Book Review: “Life is Funny” by E.R. Frank
Book Reviews / July 11, 2016

"Life is Funny" traces the lives of 11 teenagers in one Brooklyn neighborhood over the course of seven years. This ambitious undertaking depicts teens dealing with real-life issues, like self-harm, abuse, family expectations, friendship, and falling in love.

Book Review: “Love Blind” by C. Desir and Jolene Perry
Book Reviews / July 9, 2016

"Love Blind" alternates chapters between protagonists Hailey, a teenage rocker who has the eyes of a 90-year-old (according to her doctor), and Kyle, an extremely shy boy who works the sound board at his high school’s radio station and has a troubled home life. Hailey recruits him to tackle a “fear list” with her - a list where each of them write down their greatest fears and face them, one by one.

Book Review: “Run” by Kody Keplinger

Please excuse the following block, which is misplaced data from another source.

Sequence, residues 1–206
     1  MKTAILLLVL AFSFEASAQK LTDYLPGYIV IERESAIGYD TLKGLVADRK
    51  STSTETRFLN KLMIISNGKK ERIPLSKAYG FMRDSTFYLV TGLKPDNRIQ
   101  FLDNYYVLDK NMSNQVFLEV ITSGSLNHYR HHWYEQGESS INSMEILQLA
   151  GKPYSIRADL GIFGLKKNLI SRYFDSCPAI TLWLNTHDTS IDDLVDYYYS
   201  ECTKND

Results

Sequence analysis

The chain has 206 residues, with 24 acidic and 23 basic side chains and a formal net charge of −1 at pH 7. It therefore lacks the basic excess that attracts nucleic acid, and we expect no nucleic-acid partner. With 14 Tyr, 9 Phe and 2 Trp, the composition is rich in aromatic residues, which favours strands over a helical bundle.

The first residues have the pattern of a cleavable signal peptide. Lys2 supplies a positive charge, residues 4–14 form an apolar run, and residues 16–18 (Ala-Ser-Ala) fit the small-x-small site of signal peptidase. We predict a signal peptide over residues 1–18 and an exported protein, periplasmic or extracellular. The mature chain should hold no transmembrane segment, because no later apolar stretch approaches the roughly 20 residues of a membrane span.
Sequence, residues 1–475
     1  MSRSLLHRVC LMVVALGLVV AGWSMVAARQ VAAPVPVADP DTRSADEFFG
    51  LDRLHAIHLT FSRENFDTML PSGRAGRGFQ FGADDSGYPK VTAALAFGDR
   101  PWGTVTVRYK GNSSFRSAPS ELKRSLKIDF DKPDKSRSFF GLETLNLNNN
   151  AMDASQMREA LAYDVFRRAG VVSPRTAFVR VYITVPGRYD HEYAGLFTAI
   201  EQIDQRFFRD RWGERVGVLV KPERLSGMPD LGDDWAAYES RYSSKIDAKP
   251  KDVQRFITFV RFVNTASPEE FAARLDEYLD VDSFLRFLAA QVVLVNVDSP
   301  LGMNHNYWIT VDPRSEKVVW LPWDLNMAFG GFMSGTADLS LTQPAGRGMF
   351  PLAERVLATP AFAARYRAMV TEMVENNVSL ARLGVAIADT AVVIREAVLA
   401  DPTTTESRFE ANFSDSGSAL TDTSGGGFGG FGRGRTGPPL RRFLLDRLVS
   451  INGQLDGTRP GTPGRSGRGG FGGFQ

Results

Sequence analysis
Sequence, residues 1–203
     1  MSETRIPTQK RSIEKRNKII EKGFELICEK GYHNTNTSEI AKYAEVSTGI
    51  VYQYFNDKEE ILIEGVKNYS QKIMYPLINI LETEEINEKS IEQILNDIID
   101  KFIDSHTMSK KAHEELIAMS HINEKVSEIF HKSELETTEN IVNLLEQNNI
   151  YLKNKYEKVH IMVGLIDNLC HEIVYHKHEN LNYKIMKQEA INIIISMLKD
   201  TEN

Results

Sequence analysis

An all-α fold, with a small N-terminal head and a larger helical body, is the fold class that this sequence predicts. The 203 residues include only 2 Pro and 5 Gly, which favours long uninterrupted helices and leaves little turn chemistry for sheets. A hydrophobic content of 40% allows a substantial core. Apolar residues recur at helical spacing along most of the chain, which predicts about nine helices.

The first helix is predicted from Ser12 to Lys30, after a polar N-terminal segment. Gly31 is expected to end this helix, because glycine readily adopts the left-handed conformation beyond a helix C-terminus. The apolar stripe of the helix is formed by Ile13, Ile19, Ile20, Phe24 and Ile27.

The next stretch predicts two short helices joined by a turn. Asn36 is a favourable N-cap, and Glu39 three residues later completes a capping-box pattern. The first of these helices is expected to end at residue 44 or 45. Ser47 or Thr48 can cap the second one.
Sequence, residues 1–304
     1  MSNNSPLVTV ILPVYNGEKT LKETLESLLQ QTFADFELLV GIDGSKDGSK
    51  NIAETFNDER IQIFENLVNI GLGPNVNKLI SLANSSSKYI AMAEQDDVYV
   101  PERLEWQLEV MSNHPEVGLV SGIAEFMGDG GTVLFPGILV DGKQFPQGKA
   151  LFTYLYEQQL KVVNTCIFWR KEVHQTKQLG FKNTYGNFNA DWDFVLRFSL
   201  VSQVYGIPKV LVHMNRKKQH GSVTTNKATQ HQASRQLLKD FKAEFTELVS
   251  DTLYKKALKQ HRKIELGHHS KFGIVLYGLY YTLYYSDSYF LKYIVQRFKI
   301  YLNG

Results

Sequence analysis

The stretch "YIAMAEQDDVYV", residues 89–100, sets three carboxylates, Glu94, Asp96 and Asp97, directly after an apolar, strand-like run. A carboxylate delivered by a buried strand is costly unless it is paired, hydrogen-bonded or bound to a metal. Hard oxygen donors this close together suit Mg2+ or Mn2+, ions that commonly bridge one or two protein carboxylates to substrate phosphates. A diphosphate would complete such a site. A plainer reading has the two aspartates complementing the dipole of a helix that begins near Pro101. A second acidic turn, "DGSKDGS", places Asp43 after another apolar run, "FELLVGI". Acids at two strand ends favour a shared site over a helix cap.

Book Reviews / July 8, 2016

Bo Dickinson and Agnes Atwood don’t seem like they should be best friends - Agnes is the church-going blind girl, and Bo is the latest in the line of no-good Dickinsons, pariahs of the town. Maybe it’s the fact that neither of them has ever really found true friendship that draws them together, but whatever it is, neither of their lives is ever going to be the same again.

Book Review: “Everland” by Wendy Spinale
Book Reviews / July 8, 2016

In this alternate "Peter Pan" retelling, Everland is a post-invasion Steampunk London where almost all of the adults have died of a mysterious contagion, leaving children to fend for themselves against German invader Captain Hanz Otto Oswald Kretschmer - Captain Hook.